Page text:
It’s the morning of 17th July 1940, and playing RAF, I’m a week into my first serious, sustained effort at a campaign in BoB2. The latter being the realistic simulation of the Battle that it is, this is the ‘channel convoy’ phase, during which Fighter Command’s main task – my task - is protecting the aforementioned shipping. As in real life, the Navy hasn’t yet accepted that these convoys are too risky and their loads should go by rail instead. The cost is proving high for both sides, with my losses not much less than those we believe we’ve inflicted on the Luftwaffe.
I’ve been letting the campaign AI set the ‘Directives’ which determine general tactics, and accepting the results, in terms of which patrols are flown over which convoys, and which squadrons are scrambled to beef them up when raids come in. I then get offered the chance to fly in any plane in any RAF squadron, typically on take-off or upon sighting the enemy. Or can just jump into one at any time - ‘frag’ they seem to call it, not sure why.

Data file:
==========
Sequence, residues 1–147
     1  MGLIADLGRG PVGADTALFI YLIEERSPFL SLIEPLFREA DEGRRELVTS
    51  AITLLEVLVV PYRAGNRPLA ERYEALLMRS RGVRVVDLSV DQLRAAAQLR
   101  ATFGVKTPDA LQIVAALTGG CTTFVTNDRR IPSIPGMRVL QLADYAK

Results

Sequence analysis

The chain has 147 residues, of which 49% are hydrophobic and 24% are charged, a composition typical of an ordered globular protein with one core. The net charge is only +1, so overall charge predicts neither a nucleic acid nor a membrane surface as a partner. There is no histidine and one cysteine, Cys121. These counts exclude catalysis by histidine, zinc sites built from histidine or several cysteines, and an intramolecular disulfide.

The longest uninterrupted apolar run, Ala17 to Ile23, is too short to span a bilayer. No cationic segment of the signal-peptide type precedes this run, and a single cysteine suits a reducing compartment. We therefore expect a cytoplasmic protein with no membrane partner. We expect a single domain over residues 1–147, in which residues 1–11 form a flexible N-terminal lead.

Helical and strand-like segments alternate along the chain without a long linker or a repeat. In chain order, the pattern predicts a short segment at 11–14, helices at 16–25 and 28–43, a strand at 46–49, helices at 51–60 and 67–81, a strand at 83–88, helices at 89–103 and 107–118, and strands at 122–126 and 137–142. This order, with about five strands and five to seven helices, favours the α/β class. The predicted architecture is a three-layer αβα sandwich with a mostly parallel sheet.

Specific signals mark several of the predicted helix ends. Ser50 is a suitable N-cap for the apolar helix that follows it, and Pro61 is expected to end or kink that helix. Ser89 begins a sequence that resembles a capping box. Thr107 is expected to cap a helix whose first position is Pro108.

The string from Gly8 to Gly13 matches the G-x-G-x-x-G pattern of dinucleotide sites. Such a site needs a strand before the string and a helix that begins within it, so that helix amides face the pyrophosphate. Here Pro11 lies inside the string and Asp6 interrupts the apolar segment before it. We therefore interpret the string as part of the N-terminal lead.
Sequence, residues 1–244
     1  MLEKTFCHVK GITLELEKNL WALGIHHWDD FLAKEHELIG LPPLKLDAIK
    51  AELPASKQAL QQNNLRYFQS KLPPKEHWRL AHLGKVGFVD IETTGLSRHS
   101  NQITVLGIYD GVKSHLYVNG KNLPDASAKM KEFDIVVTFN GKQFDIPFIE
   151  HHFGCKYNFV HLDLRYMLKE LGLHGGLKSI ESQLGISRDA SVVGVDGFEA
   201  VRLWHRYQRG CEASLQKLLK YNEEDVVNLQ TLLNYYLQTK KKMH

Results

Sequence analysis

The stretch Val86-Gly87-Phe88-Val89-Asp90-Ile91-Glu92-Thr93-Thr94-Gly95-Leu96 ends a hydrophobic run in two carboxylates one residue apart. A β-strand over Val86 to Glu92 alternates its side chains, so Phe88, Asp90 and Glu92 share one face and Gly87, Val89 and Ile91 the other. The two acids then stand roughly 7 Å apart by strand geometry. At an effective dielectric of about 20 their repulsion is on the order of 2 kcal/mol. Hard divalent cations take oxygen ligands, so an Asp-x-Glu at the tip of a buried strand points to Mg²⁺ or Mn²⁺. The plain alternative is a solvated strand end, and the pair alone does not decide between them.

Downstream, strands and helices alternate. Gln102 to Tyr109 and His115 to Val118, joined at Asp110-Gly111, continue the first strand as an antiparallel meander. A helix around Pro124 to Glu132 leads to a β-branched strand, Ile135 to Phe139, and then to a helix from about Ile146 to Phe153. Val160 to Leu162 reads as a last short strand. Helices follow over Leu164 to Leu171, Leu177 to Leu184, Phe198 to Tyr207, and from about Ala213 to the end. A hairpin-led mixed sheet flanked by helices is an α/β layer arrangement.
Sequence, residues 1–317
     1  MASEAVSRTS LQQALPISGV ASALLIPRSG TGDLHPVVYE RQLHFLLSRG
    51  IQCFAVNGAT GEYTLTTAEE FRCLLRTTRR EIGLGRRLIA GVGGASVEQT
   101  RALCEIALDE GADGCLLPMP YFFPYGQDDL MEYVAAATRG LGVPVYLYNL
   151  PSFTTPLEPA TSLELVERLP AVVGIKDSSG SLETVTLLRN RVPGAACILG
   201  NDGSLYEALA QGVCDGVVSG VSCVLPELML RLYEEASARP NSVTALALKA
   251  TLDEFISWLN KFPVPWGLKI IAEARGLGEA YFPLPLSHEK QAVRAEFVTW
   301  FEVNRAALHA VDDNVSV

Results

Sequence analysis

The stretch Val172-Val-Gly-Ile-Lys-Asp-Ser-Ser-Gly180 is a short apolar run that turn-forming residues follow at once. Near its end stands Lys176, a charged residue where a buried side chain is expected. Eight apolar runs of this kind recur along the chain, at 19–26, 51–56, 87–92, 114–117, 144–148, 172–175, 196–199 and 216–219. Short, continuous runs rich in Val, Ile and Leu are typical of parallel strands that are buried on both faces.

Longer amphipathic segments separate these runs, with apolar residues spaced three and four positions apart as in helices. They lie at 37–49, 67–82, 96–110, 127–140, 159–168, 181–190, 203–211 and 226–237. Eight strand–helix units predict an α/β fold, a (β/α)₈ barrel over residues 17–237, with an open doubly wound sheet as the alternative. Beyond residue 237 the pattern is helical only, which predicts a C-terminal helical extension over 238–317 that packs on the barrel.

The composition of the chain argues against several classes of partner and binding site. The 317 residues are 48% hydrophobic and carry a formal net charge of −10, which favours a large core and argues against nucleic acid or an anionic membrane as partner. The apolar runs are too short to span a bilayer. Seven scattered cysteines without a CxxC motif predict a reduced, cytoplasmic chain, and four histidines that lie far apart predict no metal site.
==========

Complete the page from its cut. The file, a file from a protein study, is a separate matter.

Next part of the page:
Today, I opted to fly as Red 3, in the CO’s section in A Flight, 603 'City of Edinburgh' Squadron, at the point its Spitfires had sighted a big ‘hundred plus’ raid heading for Convoy Weasel, off the East Coast, where the weather was a bit better than in the Channel. I didn’t get a screenie of the campaign map/wargame interface until the raid and the intercepting squadrons were all heading home. But the pic I did get then still usefully illustrates how things are presented to the player in the campaign interface, close to how it looked in the real Fighter Command Ops Rooms at the time. All you need to do, to get the picture I saw at the start, is to imagine the direction arrows next to the markers are going in the opposite direction.
This is the view from my Spitfire’s cockpit right after I’d opted to fly in this position with this intercepting squadron. The CO is in XT-F, with the blue and red squadron leader's flash under the cockpit. I neglected to get a pic of the raid we had just spotted, but it was BIG, with maybe 50-70 aircraft in formation, visible up ahead.